by Kevin Meagher
It must feel like Groundhog Day in Whitehall. Ministers are now obliged to pay homage to the residents of Somerset on a daily basis. So they come, all wellies and wax jackets, with suitably solemn faces for the now perfunctory photo opportunity.
There they stand, knee deep in stagnant water, to receive their ritual ear-bashing from angry flood victims, unable to offer any reassurances about when normality will resume or even give a guarantee that the same thing will not happen again. As David Cameron put it at his press conference yesterday, these are the worst floods in that part of the country for 250 years. Translation: ‘I’m at the mercy of events, what can I be expected to do?’
But at least David Cameron can venture out to the flooded south-west of England. He dared not visit Scotland to deliver a keynote speech making the case for the Union last Friday, such is the toxicity of the Conservative brand north of the border. Instead, the Prime Minister delivered his call to “save the most extraordinary country in history” from the velodrome of the Olympic Park in London. A place, then, where people whizz round and round but don’t actually get anywhere.
Apt, perhaps, given the impotence of our politicians this week.
Despite their Canute-like assurances, even small changes in our climate pattern quickly overpower both our flood defences – and ministers’ good intentions. Adapting our infrastructure to meet this challenge is horrendously costly, which is why it has never been adequately done.
Yet David Cameron casually pledges that extra money to prevent future flooding will be “no object,” seemingly unaware that the unwritten rule of public spending is that to reap a political return, investment must build visible assets: schools, hospitals, even roads. There are few votes to be had investing in invisible assets: drainage systems and underground storm water tanks.
We also see this political impotence in the decision of Parliament to outlaw smoking in a car when children are present. As I argued yesterday, the proposal is hopelessly unenforceable, not to mention deeply illiberal; but our politicians, desperate for any vestige of control over the agenda, jump at a chance to show us they are decisive and in charge.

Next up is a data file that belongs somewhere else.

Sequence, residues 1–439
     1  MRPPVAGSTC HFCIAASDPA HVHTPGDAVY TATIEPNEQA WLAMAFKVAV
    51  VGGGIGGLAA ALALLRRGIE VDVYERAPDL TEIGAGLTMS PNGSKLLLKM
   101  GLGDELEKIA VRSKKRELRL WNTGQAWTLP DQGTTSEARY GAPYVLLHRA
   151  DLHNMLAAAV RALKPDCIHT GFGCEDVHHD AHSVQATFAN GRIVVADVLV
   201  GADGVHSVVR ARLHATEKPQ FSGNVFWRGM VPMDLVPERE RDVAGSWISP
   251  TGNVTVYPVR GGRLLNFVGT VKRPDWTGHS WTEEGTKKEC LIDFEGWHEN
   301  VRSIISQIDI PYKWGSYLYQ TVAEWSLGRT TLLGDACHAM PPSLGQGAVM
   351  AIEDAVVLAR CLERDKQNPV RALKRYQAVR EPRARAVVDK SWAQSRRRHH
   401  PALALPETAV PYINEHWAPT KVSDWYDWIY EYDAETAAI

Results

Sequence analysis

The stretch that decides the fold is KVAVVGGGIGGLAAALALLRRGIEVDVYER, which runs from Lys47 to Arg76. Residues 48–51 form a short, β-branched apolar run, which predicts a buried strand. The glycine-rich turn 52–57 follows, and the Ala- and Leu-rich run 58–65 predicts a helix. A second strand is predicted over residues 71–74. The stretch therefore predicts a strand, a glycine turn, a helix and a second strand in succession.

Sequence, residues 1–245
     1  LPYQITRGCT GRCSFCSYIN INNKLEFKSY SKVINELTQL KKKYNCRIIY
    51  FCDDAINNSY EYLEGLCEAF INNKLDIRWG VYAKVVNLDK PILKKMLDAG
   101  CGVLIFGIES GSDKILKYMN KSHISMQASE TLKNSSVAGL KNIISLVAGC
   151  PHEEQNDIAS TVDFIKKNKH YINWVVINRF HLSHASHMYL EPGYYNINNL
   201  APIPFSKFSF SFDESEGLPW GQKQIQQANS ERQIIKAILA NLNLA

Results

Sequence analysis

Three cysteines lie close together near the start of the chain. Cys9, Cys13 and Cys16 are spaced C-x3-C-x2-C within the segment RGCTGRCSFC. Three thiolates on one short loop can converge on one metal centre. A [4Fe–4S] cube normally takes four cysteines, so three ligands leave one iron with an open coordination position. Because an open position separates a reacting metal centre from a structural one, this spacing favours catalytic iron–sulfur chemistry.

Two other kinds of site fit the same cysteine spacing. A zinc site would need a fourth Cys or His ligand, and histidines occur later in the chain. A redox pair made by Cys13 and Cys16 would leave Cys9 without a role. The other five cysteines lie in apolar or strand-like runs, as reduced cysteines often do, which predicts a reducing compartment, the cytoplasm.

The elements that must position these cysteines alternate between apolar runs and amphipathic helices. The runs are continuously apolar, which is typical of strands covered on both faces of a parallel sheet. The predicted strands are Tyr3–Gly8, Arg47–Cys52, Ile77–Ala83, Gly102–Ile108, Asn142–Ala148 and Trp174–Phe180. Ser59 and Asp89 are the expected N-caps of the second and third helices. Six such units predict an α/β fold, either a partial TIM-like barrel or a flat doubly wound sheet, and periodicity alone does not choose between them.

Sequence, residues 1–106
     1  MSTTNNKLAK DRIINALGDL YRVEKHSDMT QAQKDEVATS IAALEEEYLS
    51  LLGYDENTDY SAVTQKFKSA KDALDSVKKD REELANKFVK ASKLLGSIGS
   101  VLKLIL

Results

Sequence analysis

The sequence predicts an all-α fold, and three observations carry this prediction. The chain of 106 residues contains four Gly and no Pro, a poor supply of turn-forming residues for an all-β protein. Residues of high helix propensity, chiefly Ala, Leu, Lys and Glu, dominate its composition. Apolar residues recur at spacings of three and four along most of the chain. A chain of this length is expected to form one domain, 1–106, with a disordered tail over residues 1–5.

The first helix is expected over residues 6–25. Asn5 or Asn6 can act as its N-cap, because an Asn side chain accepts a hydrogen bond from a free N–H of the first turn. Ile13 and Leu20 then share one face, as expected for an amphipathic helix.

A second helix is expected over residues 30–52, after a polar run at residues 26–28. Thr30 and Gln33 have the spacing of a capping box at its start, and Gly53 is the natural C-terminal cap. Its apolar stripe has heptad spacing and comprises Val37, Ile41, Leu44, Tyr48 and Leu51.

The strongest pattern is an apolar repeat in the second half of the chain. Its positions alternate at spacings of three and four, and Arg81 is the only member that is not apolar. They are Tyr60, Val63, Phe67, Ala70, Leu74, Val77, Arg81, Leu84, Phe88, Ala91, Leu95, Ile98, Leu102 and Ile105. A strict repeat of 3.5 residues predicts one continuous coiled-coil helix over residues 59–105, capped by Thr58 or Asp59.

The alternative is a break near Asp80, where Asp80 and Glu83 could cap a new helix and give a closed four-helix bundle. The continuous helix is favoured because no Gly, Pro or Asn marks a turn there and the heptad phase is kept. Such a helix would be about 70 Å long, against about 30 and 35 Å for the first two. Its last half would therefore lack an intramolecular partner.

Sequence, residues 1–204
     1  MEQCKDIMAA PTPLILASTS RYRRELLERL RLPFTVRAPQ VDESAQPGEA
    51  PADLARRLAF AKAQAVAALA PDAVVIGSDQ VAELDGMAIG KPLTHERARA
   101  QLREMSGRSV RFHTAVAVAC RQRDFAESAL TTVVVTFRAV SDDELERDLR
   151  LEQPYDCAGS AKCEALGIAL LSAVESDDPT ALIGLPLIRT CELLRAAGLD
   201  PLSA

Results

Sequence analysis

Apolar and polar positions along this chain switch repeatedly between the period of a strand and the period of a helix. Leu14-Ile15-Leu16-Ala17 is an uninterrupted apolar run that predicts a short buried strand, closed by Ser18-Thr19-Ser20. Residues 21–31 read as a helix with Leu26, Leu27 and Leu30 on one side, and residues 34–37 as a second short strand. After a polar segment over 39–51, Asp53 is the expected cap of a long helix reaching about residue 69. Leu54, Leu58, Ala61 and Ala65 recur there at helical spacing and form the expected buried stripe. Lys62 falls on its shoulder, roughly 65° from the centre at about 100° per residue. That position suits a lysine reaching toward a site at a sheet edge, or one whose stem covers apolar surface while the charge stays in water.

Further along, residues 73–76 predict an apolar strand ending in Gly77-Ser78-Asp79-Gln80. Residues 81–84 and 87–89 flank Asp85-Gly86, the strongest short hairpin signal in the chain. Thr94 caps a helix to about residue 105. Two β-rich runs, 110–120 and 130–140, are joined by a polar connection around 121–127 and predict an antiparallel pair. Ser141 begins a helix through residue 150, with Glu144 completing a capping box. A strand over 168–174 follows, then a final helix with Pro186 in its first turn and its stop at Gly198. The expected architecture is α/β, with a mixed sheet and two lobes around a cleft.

Meanwhile, Alex Salmond is itching at the prospect of going head-to-head with Cameron, knowing that every time he opens his mouth, the Prime Minister’s plummy English accent drives voters into the independence camp. The case for the Union cannot be put with any effect from the party that professes greatest attachment to it. Despite having half the seats in Scotland in the 1950s, there is now just a single Conservative MP from a total of 56 Scottish seats.
Meanwhile, the Conservative, Labour and Liberal Democrats clump together to rule out a currency union with an independent Scotland. Salmond must be have been chortling over his porridge this morning at the site of his political opponents bandying together, desperate for a single killer argument that can knock him for six.
Would it not be better for the three main parties to accept that an independent Scotland is not the end of the world and cataclysmic predictions that it is simply makes the No campaign seem shrill and extreme? Alex Salmond’s open, optimistic face is a more than an effective response. A reasoned, positive discussion on the merits of the union might convince the large number of floating voters to opt for the devil they know.
Again, would it not have been more effective for ministers to have admitted weeks ago that they had got it wrong on flooding? That the emergency response has been slow and piecemeal and we are reaping the costs of years of building on flood plains and rapacious agricultural practices that have diminished the ability of the land to cope with the weather patterns we are now seeing.
The public isn’t listening; either in Somerset or Edinburgh, that much is clear. Our politicians are no longer in control of key events and seem powerless to convince sceptical voters that they have the answers. Yet they remain defiant, rather than contrite, in the face of their impotence.
At this rate, next week’s rota of ministers will need chest waders.
Kevin Meagher is associate editor of Labour Uncut